What you see. The starting point for addressing any equine health related issue is your observation.


Newborn Foal, White of Eye is Red or Bloodshot


Foals are sometimes born with bloodshot eyes. The white of the eye (sclera) is solid red or laced with thickened vessels. Bleeding into the whites of the eyes is thought to occur due to pressure during the birthing process bursting the tiny vessels. This condition should resolve in a few days in otherwise healthy foals.

However, bloodshot eyes in newborn foals is also associated with another underlying potentially life-threatening disorder- septicemia.

  • Code Red

    Call Your Vet Immediately, Even Outside Business Hours
    • If the foal fails to stand in 2 hours and nurse in 3 hours, along with this sign.
    • If the foal is not as bright as normal or not nursing normally.
  • Code Orange

    Call Your Vet at Their First Available Office Hours
    • If the foal appears otherwise normal, i.e. is active and nursing normally.
You also might be observing
Very Common
Less Common
more observations

your role


What To Do

Assess the foal's general health, especially attitude and nursing vigor, gum color, and rectal temperature. Look for diarrhea, lameness and gently feel the umbilical area (looking for swelling or moistness). Compare the appearance of the left and right eye. Do they look the same. If only one eye is affected, it is not as likely to be indicative of body-wide illness and is more likely local injury.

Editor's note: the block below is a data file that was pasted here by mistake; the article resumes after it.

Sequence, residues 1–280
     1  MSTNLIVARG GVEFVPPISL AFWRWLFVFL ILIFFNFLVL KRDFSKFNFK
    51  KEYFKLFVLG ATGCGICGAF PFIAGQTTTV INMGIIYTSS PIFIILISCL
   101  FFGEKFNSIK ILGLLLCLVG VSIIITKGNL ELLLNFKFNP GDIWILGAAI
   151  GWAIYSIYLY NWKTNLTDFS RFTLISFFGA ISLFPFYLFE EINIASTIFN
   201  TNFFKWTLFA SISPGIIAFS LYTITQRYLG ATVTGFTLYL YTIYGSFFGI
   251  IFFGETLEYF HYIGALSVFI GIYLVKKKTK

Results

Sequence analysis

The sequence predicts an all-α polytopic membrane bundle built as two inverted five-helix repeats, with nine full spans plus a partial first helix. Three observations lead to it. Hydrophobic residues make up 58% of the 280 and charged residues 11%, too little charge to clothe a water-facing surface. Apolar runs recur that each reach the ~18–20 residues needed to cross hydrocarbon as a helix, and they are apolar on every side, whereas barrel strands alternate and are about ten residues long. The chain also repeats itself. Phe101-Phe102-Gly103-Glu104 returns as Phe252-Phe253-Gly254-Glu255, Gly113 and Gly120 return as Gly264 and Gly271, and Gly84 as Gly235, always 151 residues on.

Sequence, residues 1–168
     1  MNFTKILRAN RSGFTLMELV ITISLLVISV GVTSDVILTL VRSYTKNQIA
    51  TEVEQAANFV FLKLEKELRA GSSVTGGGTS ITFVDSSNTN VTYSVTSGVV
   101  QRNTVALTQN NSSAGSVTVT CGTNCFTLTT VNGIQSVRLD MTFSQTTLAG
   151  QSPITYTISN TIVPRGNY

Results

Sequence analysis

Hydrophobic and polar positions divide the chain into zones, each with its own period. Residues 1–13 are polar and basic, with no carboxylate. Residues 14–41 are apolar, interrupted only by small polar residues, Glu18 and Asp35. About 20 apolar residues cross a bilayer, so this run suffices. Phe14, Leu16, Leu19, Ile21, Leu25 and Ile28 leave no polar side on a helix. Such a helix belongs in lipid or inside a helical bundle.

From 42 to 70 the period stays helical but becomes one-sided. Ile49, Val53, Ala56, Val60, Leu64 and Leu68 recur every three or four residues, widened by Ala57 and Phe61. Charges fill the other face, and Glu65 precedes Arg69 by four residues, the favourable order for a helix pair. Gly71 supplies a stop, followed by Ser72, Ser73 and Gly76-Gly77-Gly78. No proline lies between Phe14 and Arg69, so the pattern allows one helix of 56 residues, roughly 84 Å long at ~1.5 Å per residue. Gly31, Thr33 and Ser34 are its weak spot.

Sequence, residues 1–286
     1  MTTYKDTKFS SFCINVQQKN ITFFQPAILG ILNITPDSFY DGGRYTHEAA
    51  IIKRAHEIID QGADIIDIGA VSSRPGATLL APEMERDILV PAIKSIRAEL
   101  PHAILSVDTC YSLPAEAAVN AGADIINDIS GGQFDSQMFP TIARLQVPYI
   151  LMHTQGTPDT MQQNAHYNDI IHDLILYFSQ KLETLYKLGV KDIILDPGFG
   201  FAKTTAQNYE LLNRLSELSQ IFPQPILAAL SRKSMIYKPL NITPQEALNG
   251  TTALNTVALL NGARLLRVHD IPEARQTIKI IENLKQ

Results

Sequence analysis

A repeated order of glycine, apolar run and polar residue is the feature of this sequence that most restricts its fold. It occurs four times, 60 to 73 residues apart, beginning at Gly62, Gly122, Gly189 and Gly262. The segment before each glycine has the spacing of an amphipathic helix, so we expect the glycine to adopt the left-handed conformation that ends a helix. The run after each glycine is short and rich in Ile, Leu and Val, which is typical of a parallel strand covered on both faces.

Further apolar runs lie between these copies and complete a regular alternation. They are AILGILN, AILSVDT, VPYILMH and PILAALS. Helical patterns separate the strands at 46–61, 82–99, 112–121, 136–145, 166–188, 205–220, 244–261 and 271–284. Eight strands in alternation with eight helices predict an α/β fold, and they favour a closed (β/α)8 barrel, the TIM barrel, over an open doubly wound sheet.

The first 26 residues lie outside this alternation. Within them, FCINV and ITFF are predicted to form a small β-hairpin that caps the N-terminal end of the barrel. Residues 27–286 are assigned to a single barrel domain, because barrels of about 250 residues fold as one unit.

Contact your vet immediately and share your findings and concerns.

your vet's role

Your vet will assess the the foal's general health and the appearance of their eyes, in order to determine whether this is the sign of a serious problem or not. Additional diagnostics, such as antibody testing, may be recommended.
Questions Your Vet Might Ask:
  • When was the foal born?
  • Is the foal active and nursing?
  • Are both eyes affected?
  • Does the foal appear healthy otherwise?
  • Did the foal stand and nurse normally after foaling?
  • Did a vet assess the mare, foal and placenta soon after foaling?
  • Do you think that the foal is nursing?
  • How frequently is the foal nursing?
  • Was an IgG antibody test done on the foal after birth?
  • What are the results of the newborn foal exam?

Diagnoses Your Vet May Consider

The cause of the problem. These are conditions or ailments that are the cause of the observations you make.

Very Common
Less Common
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further reading & resources

Author: Doug Thal DVM Dipl. ABVP